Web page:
English literature (MA)

A.Y. 2019/2020
9
Max ECTS
60
Overall hours
SSD
L-LIN/10
Language
English
Learning objectives
This course intends to provide students with reading paths and critical analysis of texts belonging to English literature produced in different periods and places. It follows thematic clusters according to diachronic and/or synchronic perspectives and offers students several critical approaches to literary texts. In addition, it aims at reflecting on the English literary canon and on its transformations through time. It also explores intertextual mechanisms and structures through different literary genres.
Expected learning outcomes
KNOWLEDGE: By the end of the course, students should be able to discuss the main issues and questions concerning the discipline, to place the literary texts included in the course within the cultural and literary context in which they were produced, and to provide thematic and critical interpretations of the literary works included in the programme.
LINGUISTIC AND LITERARY ABILITIES: Students should be able to read the texts and acknowledge their linguistic complexity. Students should also be able to critically analyse the texts included in the programme and be able to connect different authors, texts and literary trends. They should demonstrate understanding of different critical approaches and of the various levels of textual interpretation. In addition, students are expected to express themselves with clarity and precision and to use the specific terminology of the discipline correctly.
Course syllabus and organization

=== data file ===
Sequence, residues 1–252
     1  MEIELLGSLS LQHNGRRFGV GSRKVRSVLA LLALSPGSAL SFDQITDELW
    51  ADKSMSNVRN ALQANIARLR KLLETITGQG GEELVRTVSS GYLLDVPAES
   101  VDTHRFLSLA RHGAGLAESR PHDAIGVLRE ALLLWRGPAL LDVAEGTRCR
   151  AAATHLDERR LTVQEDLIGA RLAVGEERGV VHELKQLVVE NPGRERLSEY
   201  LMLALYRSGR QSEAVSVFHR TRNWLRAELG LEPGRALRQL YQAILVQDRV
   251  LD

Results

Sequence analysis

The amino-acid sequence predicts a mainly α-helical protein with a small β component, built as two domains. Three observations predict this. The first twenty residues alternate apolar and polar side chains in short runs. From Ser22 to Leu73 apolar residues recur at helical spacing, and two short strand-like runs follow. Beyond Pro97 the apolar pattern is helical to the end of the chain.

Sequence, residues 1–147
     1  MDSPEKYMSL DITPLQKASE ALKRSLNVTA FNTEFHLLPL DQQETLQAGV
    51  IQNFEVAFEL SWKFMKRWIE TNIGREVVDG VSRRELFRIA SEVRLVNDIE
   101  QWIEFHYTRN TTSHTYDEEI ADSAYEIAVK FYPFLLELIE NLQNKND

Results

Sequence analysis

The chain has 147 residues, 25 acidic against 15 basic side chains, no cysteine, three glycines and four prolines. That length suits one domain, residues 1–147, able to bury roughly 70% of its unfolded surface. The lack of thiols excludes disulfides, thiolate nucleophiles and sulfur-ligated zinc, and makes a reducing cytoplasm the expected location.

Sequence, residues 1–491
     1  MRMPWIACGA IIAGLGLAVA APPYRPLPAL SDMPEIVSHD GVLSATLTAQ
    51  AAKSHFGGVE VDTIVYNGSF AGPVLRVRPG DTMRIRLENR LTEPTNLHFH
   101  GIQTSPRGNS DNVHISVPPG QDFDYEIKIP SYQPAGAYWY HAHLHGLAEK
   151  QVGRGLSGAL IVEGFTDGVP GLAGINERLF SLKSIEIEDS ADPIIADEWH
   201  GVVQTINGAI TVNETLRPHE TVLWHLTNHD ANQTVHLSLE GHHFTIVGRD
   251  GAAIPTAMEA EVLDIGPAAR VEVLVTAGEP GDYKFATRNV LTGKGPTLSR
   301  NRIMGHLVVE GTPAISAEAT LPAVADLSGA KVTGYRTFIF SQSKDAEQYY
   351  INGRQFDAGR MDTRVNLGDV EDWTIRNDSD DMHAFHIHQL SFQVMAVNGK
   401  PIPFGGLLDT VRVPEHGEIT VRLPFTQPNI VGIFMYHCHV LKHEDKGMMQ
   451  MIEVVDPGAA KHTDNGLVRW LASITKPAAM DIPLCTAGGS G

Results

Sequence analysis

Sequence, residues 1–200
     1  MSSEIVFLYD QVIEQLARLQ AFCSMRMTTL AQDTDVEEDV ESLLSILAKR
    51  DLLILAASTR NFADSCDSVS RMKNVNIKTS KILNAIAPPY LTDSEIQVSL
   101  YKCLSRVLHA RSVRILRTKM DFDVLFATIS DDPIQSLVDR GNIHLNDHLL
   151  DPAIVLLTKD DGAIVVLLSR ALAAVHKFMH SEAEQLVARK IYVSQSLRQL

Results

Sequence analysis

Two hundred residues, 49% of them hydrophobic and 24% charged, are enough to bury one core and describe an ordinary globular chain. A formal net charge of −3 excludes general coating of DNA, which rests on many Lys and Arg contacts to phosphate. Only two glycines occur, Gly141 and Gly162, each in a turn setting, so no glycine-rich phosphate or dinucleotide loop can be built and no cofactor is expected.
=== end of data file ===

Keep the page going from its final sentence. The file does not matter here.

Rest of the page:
Single session

Responsible
Lesson period
Second semester
Course syllabus
Course title:
Spatial representations and geographical metaphors in English fiction
It is divided into three units:
A. The city
B. The country
C. Islands
The course is addressed to graduate students specialising in Foreign Languages and Literatures. Students interested in the 6 credit exam can choose Unit A and Unit B or Unit A and Unit C or Unit B and Unit C; students interested in the 9 credit exam are required to study Unit A, B and C.
The syllabus is valid until July 2021.
The course investigates the literary representation of three major spaces defining English national identity: the city, the country and the island. English fiction is deeply rooted in the landscape and has re-created metapoetic depictions of places; in the novel, geographical features unfold symbolical and metaphorical meanings. The selection of texts offered by the course shows how Victorian, modern and contemporary literature is constantly engaged in issues of space, which shapes narrative patterns and forms, epitomising the relationships between identity and otherness. Unit A focuses on cityscapes and especially points to the metamorphoses of fictional London from Victorian to contemporary novels. Material and psychic portrayals of urban life reveal contradictory perceptions through different contexts and languages. Unit B deals with the countryside, the most traditional foundation of Englishness. The pastoral myth and the nostalgia for the English rural past play a distinctive yet ambiguous role. Unit C considers the insular nature of Britain and the dynamic construction and deconstruction of its islandscapes. The topos of the island, including separation and connection, is crucial in colonial and postcolonial ideology.
Prerequisites for admission
The course is taught in English. Students are expected to read English literary texts and criticism and to discuss them in English, therefore a very good knowledge of English is required. They should also show a very good knowledge of English literature from the XIX century onwards as well as a proven ability (acquired in BA courses) to analyse literary texts.
Teaching methods